10.2. The treatment of virginity in the older texts is again a much contested issue. Many have argued that such notions of continued or restored maidenhood were evidently moral or legal fictions invented, at a later period, merely to disguise the murky cases of promiscuity, free license or strange relations that were neither rape nor adultery. Or, at best, it might have been a self-deceiving, make-believe reflexes or opinions, reluctant to accept the stark fact.

10.3. The classic view of the scholars, however, converged on the understanding that virginity in those contexts does not refer to the state of their bodies but to the state of their being. It was said; virginity here does not refer to the physical condition but to the unsullied mind and attitude of those remarkable women. It is a state distinguished by purity, detachment and independence.

It is explained; when these women in Mahabharata, who knew more than one man and bore children, were respected by the ancients as kanyas, that was meant to suggest  they were psychologically pure and untainted. Those women learnt to sublimate their ego. And yet, they were independent women enjoying an identity of their own. Therefore, the status of Kanya also referred to the way they fiercely asserted their independence. Each one of those does whatever had to be done out of a sense of duty; and she is true to herself and to her nature. Each one’s life was authentic.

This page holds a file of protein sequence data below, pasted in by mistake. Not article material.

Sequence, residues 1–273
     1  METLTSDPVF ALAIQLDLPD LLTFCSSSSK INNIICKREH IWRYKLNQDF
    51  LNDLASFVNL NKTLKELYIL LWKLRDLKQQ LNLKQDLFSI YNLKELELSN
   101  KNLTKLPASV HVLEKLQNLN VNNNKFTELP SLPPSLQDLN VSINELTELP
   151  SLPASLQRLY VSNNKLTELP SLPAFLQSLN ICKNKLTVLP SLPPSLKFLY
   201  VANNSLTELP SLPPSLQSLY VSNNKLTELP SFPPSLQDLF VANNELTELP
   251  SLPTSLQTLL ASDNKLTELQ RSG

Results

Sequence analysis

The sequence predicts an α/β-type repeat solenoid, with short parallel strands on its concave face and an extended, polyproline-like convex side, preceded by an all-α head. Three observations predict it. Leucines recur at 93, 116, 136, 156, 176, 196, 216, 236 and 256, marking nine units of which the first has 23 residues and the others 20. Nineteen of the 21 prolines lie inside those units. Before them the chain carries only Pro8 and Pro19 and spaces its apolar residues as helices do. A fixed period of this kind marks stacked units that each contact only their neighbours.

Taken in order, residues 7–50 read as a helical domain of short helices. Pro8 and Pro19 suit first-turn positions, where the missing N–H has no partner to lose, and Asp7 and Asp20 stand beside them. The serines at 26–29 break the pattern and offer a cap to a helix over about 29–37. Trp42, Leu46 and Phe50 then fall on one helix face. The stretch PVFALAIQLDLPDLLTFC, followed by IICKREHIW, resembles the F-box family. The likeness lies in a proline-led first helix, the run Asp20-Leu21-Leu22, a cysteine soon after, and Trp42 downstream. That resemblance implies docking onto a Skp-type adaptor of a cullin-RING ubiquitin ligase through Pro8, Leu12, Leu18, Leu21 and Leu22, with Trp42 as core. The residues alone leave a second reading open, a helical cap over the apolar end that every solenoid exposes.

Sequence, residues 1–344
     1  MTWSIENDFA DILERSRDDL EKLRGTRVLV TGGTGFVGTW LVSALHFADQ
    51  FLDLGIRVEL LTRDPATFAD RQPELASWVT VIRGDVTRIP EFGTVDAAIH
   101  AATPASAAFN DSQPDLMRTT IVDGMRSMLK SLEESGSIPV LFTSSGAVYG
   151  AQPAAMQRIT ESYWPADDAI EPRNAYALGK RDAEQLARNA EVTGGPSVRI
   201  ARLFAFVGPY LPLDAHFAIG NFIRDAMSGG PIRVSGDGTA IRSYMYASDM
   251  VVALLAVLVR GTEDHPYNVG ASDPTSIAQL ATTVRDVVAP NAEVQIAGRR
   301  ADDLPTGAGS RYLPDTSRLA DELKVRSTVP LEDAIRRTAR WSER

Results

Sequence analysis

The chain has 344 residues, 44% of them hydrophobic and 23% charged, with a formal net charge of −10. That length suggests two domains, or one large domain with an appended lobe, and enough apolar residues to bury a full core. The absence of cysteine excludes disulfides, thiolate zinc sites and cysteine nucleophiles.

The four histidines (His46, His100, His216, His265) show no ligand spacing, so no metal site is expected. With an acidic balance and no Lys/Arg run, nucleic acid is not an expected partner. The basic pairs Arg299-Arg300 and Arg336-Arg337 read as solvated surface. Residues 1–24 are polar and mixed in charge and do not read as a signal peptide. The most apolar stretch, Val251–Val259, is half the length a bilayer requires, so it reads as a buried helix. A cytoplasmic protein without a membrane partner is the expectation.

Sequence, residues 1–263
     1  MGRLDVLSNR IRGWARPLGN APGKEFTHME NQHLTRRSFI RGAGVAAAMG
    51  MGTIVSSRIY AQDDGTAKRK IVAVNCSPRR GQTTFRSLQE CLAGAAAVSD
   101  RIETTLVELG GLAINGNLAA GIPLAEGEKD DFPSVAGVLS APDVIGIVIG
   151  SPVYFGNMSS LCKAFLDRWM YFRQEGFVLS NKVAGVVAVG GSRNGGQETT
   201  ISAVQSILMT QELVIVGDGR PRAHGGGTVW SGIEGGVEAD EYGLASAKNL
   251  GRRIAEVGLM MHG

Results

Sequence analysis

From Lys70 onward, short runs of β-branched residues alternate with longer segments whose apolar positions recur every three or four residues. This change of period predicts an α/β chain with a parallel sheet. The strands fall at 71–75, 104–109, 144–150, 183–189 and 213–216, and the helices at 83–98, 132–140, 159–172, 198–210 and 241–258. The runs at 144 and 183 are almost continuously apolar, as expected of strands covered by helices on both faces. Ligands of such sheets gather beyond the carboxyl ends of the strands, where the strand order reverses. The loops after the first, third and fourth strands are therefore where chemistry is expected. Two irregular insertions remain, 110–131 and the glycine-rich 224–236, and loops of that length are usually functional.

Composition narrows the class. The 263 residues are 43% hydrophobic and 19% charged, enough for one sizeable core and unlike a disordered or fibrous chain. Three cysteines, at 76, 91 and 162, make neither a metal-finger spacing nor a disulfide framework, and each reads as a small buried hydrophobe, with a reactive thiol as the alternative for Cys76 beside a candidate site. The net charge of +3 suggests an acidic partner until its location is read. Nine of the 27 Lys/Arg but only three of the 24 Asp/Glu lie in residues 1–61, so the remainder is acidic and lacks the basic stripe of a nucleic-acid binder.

10.4. A common feature among the kanyas of Mahabharata is that they all had to endure countless difficulties. And, yet these ‘women of substance’ were not broken down by personal tragedies. Each went on to live with a certain pride around her. But, there was a sense of loneliness that surrounded them despite being placed amidst their men and offspring.

11.1. And, that is echoed by M. Esther Harding who writes in Woman’s Mysteries [Rider, 1971, p. 125- 126]

“the woman who is psychologically virgin is not dependent; she is what she is because that is what she is … (she is) one-in-herself (and) does what she does not because of any desire to please, not to be liked or to be approved even by herself but because what she does is true. Her actions may, indeed, be unconventional “.